Houston Wrap-Up, Notre Dame Preview

Former U-M staffer Mark Ouimet talks about what Michigan has to do to beat Notre Dame, what he thinks Michigan the Wolverines will in-fact do, and Ouimet tells us in advance what the outcome will be!

The Michigan offense.

The Michigan offense against Houston.


Michigan did well against Houston because of the Wolverines' experience, and their balanced talent.

John Navarre got off to a shaky start against a Houston defense stacked against the pass. So the Wolverines went to the run, and wore Houston down. Michigan ran the football for close to 350 yards. The offensive line did its job, and Kevin Dudley is improving as a blocker. Overall they did what they're supposed to do.

Michigan used the tight end a little more to get ready for Notre Dame.

And against Houston Michigan capitalized on turnovers.

John Navarre had a couple passes tipped last Saturday. He seems to throw it a little too low on the short ones. He will improve on that. Navarre just needs to get fine tuned for this week. And Braylon dropped some passes again. There will be fine tuning for Notre Dame.

One problem against Houston was third down conversions -- that needs improvement against Notre Dame. Part of that was the passing attack. But third down conversions happen on first and second downs. They had too many third and longs. Expect to see more pounding on first and second down.

Looking forward: the Michigan offense versus the Notre Dame defense:

Coach Carr said in his press conference Monday: Coach Carr at his Monday press conference: "[Notre Dame is] probably as good a defensive football team as we'll play this entire year. I think many people consider it maybe the best defensive front they've (Notre Dame) ever had. When you add to that front where they have great talent and great size and strength and pass-rushing ability, you have a linebacker, a preseason All-American Courtney Watson, two defensive backs that are preseason All-Americans in Glenn Earl and Vontez Duff, I think that's where you start. Obviously a lot of veteran players are back and a team that plays with a lot of confidence and a lot of enthusiasm, plays very well together, gives you a lot of different looks, a lot of different coverages in the secondary."


This is a good Notre Dame defense, not a great one. Michigan will have success running.

The key is running the ball. Whoever runs the ball better, Michigan or Notre Dame, wins. Whoever has the most running yards wins. I think it'll be Michigan.

Michigan's offensive line has the experience and is well prepared, and they'll control the line of scrimmage, and will handle Notre Dame's blitzes. If Dudley can block like he did last week, Michigan will have success.

As far as the passing attack goes, everyone is worried about Michigan's wide receivers. But I think the tight ends will be more important, and also screens to Chris Perry and David Underwood.

The key offensive stats: rushing yards, time of possession, turnovers, third down conversion ... I think Michigan wins on all four.

The Michigan defense.

Against Houston.


Michigan got to the quarterback. They practiced harder, prepared better, and also used more defensive backfield schemes than against Central Michigan. They used more blitzes and schemes. Larry Stevens and Alain Kashama, and Jeremy Van Alstyne have played well all year long. Van Alstyne is a little light, but he is very strong. He's strong like Norman Heuer, with good speed. He plays like Glen Steele football-wise, as far as his approach to the game. Michigan missed some tackles, but they will do better.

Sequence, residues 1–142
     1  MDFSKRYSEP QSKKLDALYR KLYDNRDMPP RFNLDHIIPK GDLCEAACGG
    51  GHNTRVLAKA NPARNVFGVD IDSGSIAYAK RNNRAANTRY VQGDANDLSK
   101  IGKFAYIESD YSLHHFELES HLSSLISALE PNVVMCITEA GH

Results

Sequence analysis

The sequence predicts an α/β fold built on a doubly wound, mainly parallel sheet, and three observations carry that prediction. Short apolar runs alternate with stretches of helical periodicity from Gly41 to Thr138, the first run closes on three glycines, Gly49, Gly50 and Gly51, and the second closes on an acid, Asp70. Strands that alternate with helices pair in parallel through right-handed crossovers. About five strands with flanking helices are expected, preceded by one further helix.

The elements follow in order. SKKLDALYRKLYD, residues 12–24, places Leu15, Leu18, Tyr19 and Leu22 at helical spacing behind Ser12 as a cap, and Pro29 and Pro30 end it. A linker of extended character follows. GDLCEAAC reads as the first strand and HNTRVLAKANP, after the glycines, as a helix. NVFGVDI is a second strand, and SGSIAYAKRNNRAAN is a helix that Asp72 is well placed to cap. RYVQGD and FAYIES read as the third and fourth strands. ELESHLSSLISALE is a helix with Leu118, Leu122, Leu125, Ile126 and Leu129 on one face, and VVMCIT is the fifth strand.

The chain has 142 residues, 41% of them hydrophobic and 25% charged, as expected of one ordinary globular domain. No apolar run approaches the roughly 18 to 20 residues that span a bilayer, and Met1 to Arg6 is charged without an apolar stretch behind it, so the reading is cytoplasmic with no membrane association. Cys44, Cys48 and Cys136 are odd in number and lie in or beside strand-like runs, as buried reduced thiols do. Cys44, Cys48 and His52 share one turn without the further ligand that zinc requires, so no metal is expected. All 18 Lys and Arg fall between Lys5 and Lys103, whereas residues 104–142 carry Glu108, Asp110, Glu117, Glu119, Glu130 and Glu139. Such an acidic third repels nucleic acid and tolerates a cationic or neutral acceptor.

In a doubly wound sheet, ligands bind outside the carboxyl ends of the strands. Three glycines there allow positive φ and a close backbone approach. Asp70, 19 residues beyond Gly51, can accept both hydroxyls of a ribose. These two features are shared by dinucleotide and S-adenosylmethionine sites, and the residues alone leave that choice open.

Looking forward: the Michigan defense versus the Notre Dame offense:

Ouimet: Michigan will have success against Notre Dame's young offensive line, which has only one returning starter (Sean Milligan).

Coach Carr at his Monday press conference: '"I think that you've got two running backs that are very capable because you got guys running the football that are big, physical and athletic. It always comes down, in those kinds of games, to tackles. How well you tackle and how many missed tackled you have is important. Julius Jones has an excellent chance to break Tim Brown's return yardage, so that says something. And then of course offensively with Ryan Grant, I have high regard for Ryan Grant. I think he runs with great power and has the ability to make you miss. Of course with Jones back, they've got a one-two punch there. Their receivers are very talented; we tried to recruit all of them, and so we know about them. Of course (Carlyle) Holiday is a guy that can beat you with his arm and he can beat you running with the football. I think it's an outstanding football team."

Back to Ouimet:

Michigan will have to stop the run, and they will have to get to the quarterback, Carlyle Holiday. Michigan has to stop the rush. And Notre Dame will roll Holiday out to run or pass. But the roles are reversed from last year -- Michigan is experienced in its defensive front seven, and the Notre Dame offensive line is young.

I think Coaches Herrmann and Carr will be aggressive: we'll see different coverages, and blitzes by the linebackers and safeties. Notre Dame doesn't have the passing game to move the ball down the field for 60 minutes.

The Key for Notre Dame: the running of Holiday, Ryan Grant, and Julius Jones. If they have fewer rushing yards than Michigan, they'll lose. And Carr and Herrmann will have the defensive game plan to win.

Ouimet's Prediction:

34-18 ... mark that down. Chris Perry will run for over 100 yards, I'll say 120 (by the way, the next two games are the key for him as far as any Heisman chances ... back to back 100 yarders with two Michigan wins and he'll be in top five candidates with a legit shot). In my opinion ... the Oregon game will be tougher.

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